All-American and left KU early for the NFL.
I’m convinced this one position shift – this one found needle in a
haystack – was all it took for the outwardly-confident Mangino to think
that he could find another diamond in the rough whenever he thought he
needed to. So, the annual shuffling commenced.
No one remembers that at the same time Charles Gordon moved to DB, RB
John Randle – hero of KU’s first win over Kansas State since what felt
like the Coolidge Administration – also started spending a lot of time
at defensive back. Randle led the team in all-purpose yards his
sophomore year, but he never really got settled in his dual roles. Then
came some off-the-field adventures for the Wichitan. After failing to
find a niche on the field and spending plenty of time in Mangino’s
doghouse (not to mention the Douglas County Courthouse) off of it,
Randle transferred to Southern Illinois. Or maybe he joined the circus.
No one’s really sure.
Football writing legend Kevin Flaherty and I were walking to our cars
last year after KU’s narrow (and by “narrow,” I mean “frighteningly
lucky”) 41-36 win over eventually-bowl bound Iowa State last October
10th. Prior to playing ISU, Mangino had put the team through its annual
game of football musical chairs. This time around, it was in an effort
to jumpstart what had been a lackluster Jayhawks defense.
Jayhawk Football 2009 v.2.0 didn’t go so well. Sure, KU won, but Iowa
State’s QB sensation Austen Arnaud completed 25-of-40 passes for 293
yards and two touchdowns. He also rushed 27 times for 152 yards and two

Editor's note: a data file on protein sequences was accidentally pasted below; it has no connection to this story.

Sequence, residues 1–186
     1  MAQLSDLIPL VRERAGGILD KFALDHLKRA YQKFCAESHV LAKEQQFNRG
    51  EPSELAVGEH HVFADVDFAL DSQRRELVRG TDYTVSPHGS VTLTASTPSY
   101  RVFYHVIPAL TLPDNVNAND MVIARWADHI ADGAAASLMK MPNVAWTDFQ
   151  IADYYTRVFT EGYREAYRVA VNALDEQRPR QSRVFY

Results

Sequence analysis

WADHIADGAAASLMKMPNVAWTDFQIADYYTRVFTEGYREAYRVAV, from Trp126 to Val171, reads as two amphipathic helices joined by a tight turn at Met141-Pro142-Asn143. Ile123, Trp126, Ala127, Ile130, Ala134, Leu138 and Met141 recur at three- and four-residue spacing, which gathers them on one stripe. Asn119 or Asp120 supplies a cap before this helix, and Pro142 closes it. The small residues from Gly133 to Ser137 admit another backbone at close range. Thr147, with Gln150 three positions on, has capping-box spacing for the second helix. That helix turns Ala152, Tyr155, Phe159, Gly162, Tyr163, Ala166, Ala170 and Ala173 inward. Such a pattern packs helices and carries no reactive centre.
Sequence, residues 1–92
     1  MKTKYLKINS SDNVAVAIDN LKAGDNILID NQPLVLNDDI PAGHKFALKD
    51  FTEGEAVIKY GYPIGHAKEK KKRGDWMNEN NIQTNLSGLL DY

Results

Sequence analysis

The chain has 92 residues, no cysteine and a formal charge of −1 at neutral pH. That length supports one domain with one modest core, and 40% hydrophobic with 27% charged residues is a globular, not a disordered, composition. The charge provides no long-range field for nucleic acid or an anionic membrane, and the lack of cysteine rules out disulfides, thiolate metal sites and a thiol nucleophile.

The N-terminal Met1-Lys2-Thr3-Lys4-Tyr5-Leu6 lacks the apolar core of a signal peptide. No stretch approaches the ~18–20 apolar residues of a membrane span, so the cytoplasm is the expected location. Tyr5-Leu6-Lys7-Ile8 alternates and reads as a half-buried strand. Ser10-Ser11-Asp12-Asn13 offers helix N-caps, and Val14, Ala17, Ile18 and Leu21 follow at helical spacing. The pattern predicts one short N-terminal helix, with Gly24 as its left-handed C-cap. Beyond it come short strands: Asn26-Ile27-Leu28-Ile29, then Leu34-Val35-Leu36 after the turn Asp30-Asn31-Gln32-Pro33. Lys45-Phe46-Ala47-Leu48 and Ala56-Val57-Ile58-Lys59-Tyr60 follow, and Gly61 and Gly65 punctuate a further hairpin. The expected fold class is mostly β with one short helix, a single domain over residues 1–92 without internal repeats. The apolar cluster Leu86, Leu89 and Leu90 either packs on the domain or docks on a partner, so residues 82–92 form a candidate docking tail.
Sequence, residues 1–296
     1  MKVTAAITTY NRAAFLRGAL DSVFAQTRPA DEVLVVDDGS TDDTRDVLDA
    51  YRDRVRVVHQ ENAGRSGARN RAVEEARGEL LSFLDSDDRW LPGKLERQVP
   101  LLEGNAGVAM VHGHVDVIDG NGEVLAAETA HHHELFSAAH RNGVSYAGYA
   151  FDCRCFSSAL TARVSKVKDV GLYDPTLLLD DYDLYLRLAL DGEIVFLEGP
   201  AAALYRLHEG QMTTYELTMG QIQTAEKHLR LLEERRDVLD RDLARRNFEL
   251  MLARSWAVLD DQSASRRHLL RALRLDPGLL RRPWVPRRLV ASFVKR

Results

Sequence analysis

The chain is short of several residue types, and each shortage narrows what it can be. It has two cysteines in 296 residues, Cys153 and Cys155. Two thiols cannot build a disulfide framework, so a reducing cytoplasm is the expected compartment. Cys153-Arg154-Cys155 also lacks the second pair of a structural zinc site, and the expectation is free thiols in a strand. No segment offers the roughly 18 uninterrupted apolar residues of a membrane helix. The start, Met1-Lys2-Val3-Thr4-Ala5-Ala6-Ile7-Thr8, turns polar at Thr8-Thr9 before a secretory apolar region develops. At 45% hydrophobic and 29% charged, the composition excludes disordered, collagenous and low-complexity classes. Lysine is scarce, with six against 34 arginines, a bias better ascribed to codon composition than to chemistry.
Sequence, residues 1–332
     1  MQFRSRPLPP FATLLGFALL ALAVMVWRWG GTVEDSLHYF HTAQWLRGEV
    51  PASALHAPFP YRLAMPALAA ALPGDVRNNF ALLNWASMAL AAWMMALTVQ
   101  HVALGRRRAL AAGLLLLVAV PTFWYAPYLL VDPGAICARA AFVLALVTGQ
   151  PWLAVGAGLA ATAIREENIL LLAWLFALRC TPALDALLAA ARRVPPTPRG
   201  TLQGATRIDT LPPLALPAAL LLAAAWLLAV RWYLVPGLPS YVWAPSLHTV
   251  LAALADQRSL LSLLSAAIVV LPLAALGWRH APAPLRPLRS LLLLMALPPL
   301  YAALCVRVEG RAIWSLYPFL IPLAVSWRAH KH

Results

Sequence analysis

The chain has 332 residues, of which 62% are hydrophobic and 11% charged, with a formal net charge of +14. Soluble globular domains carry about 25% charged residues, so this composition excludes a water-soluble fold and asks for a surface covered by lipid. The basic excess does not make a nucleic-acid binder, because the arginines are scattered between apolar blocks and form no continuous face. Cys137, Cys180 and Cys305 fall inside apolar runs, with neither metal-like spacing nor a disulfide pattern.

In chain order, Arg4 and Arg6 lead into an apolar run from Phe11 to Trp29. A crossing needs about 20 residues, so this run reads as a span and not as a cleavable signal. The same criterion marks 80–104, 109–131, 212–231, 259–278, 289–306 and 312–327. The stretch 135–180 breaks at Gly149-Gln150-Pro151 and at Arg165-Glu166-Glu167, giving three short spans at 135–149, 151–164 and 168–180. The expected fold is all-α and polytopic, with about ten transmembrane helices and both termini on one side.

more TDs. Arnaud was unfreakingstoppable.
At the time, though, KU fans still thought history was awaiting. The
Jayhawks were 5-0, ranked and headed to Boulder the next week to play a
clearly inferior Colorado team with a first-time starter at
quarterback. I don’t think anyone not wearing purple or who didn’t
think Quantrill had some good ideas thought that the Iowa State win
would be KU’s last of the year. And who would’ve imagined that a little
more than a week later, the wheels would start to come off for Mark
But as we walked, I asked Kevin, “Do other coaches do this every season
– shift six or seven or eight guys from one position to another,
especially from one side of the ball to the other – in the middle of a
season like Mangino does?”
“Nope,” Kevin said. Flaherty is nothing if not succinct.
“It just seems weird for a seventh-year coach to be slapping together a
defense with chicken wire and tissue paper the same way he did when he
first got here. Does that seem a little desperate?” I asked.
But no one, including me, ever asked Mangino about it in a negative
tone. Not once. Maybe we were all afraid that he’d talk about our dead
relatives or make us bear crawl on a live volcano or call us “son” in
the postgame news conference, a tactic that was used very sparingly but
pointedly over the years to belittle a media member who’d openly,
professionally and appropriately questioned one of Mangino’s moves.
But Gill’s decision to allow probably a dozen guys – maybe more – to
return to their old positions isn’t just another sign that there’s a
new sheriff in town or whatever sports cliché you want to use. It shone
yet another less-than-positive spotlight on Mark Mangino’s legacy.
What we see in that spotlight is that a coach with just three years
experience running a program of his own is secure enough and willing to
allow guys to take their best shot at the positions where they believe
in their hearts that they can help the Kansas Jayhawks win.
I can’t help but wonder why the old coach wasn’t.